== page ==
Previous research has shown that more than a million tonnes of smoke were pumped into the atmosphere during the bushfires that raged in late 2019 to early 2020 - devastating fires that destroyed eucalyptus forests and shrouded Sydney and other cities in smoke and ash for months.

The new study - published in the journal Nature - points out that the components of the smoke caused a chemical reaction in the atmosphere which in turn caused the ozone hole to grow by the equivalent of two million square kilometers.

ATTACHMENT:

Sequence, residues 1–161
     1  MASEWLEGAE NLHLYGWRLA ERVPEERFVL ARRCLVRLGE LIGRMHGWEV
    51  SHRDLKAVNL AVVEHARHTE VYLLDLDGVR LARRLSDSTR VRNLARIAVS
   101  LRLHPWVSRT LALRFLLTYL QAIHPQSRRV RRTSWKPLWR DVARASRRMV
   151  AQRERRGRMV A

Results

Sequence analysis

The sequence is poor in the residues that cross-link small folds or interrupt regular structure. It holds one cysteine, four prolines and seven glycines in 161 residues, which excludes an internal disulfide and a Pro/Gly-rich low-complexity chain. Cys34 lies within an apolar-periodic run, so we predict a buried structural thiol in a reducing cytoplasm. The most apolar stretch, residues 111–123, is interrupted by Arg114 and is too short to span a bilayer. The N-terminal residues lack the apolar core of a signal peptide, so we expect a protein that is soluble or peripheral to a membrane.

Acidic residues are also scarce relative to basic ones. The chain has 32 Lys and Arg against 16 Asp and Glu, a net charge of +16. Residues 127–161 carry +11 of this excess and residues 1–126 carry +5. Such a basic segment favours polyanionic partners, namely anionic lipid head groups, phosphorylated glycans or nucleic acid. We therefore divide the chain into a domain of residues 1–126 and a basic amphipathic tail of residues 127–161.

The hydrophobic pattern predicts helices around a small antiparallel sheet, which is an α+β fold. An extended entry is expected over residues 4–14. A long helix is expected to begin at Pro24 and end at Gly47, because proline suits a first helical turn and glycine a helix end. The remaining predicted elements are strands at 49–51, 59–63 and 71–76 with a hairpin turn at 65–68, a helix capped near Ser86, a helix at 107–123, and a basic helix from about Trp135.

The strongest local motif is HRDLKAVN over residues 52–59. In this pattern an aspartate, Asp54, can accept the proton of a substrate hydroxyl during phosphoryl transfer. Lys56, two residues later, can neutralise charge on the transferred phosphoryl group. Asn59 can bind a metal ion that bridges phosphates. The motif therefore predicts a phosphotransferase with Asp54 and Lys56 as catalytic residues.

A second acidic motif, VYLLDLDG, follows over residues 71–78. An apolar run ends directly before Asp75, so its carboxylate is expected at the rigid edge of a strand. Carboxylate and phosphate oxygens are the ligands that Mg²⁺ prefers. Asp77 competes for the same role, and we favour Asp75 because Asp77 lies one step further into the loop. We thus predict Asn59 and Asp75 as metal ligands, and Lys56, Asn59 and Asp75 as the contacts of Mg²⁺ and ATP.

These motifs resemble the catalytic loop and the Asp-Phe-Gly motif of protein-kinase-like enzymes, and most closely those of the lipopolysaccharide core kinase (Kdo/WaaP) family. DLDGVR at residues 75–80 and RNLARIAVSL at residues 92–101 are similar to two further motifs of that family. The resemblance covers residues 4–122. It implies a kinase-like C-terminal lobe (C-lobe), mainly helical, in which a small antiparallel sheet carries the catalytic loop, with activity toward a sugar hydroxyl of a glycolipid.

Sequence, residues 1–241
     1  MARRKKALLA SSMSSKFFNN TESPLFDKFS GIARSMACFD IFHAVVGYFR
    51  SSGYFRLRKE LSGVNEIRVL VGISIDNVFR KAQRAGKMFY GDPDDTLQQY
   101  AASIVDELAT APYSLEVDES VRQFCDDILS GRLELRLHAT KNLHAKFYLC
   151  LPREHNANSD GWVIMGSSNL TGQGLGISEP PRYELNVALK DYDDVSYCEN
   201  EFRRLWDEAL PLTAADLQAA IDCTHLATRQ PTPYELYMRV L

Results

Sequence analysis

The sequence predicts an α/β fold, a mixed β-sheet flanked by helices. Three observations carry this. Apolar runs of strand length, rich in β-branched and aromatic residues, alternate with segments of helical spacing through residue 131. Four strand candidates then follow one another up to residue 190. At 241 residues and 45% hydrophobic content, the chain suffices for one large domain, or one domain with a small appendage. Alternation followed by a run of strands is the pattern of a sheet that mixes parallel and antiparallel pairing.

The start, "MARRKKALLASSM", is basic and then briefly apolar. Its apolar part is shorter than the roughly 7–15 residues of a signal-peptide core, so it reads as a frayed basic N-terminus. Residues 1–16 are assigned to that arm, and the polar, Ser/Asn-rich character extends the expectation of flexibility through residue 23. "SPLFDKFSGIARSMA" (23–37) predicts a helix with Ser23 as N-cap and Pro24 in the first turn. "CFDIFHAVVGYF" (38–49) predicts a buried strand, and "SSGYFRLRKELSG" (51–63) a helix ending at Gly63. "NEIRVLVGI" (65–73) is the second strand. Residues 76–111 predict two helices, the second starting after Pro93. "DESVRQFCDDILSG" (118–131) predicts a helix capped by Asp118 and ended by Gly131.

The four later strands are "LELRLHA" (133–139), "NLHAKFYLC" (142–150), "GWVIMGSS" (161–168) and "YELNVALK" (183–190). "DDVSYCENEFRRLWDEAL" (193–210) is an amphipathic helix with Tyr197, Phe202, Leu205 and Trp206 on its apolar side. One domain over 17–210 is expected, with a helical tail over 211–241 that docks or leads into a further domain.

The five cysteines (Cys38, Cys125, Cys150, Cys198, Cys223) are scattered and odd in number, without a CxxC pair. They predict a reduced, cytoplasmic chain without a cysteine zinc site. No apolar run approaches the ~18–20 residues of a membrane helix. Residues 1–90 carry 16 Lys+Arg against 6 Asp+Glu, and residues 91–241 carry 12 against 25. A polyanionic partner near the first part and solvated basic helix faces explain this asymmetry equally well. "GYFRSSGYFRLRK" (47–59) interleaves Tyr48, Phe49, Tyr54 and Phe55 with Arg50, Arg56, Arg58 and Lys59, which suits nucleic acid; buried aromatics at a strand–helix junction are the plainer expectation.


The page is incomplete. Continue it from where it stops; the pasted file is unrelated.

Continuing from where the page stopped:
The ozone hole was first caused by human pollution, but in recent decades global agreements have given the ozone layer a chance to heal.

Various UN models have predicted that the ozone layer over the Southern Hemisphere will be fully restored by 2060.

But Susan Solomon, the lead researcher behind the study, worries that the effects of climate change, such as more frequent and intense wildfires, could slow the recovery.

- I don't think it will stop the recovery completely.

But that can stop it from actually recovering when we think it should.